"[The military wants] to be able to deploy and retrieve a volley quantity, which is approximately 20 of those aircraft [the X-61A]," Fendley added. The X-61A is an "attritable tactical unmanned aerial system that can fly a several hour-long mission," he continued."
Attritable means that they are cheap enough to be employed in higher-risk environments where the risk of losing the aircraft is elevated enough that commanders would be disinclined to send in more expensive and more sensitve assets. At the same time, the Gremlins concept has always envisioned the X-61As as being recoverable for reuse, as well, but it has not been entirely clear in the past what the exact concept of operation might be in this regard.
Beyond all this, Fendley is now describing X-61As carrying expandable payloads, which could also include non-kinetic stores, such as electronic warfare decoys, and using them during a mission, before being recovered by a mothership aircraft. A specially-configured C-130-series cargo plane has been used in this role in Gremlins flight testing so far. The drones would then get reloaded inside that aircraft and be quickly sent back out again.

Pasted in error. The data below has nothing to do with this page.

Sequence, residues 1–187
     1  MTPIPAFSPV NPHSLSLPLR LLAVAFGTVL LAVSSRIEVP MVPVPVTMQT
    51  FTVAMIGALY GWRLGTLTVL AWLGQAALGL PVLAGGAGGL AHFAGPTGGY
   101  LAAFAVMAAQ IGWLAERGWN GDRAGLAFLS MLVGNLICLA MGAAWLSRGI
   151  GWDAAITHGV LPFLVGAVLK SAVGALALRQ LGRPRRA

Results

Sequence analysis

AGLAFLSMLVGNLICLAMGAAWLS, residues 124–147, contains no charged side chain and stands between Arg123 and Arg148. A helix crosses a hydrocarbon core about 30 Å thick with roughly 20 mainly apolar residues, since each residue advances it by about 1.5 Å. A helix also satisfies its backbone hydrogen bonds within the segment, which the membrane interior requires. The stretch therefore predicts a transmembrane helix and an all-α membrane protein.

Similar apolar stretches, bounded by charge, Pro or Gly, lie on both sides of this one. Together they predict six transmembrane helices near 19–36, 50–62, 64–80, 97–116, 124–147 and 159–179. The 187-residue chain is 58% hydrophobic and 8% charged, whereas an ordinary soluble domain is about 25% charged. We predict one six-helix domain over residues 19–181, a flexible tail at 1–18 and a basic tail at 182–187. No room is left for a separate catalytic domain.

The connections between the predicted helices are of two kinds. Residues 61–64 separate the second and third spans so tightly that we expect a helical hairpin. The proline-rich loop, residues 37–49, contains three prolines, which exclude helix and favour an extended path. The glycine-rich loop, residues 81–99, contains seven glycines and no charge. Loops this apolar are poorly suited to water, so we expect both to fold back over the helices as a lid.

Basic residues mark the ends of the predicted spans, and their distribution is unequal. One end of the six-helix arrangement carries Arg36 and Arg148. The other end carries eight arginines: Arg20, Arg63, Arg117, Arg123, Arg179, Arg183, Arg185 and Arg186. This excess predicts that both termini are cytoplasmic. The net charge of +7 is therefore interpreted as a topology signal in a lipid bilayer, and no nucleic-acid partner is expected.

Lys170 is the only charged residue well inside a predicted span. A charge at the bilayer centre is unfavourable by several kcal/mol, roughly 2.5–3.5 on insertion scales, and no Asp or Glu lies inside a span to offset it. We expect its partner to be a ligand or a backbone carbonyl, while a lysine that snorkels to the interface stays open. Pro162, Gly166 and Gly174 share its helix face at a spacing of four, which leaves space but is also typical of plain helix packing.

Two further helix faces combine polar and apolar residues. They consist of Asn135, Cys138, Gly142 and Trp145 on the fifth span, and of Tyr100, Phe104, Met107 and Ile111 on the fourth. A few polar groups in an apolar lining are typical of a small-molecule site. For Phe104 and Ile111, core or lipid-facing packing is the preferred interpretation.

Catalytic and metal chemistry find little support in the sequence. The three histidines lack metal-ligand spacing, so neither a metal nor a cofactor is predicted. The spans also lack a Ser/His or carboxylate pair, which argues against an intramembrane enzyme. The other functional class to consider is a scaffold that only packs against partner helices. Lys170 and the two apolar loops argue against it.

It's not clear whether this proposed capability would also extend to swapping out modular payloads installed inside the X-61As themselves. It's also not clear if the small turbojet-powered Gremlins would also be refueled inside their mothership, though it's hard to see how this wouldn't be the case in order for the entire concept to work.
Regardless, it's not hard to see how this could further expand the flexibility of the Gremlins concept. For example, a group of these drones could be deployed initially to search for and engage targets in a certain area and then go back to their mothership to be reloaded, either simply to then fly new missions in a different portion of the battlespace or to enable them to meet rapidly changing mission requirements. The ability of X-61As to carry even smaller drones could enable them to deploy their own drone swarms in certain areas before return to their flying base to reload and do it all over again, rapidly expanding the total area one mothership could cover.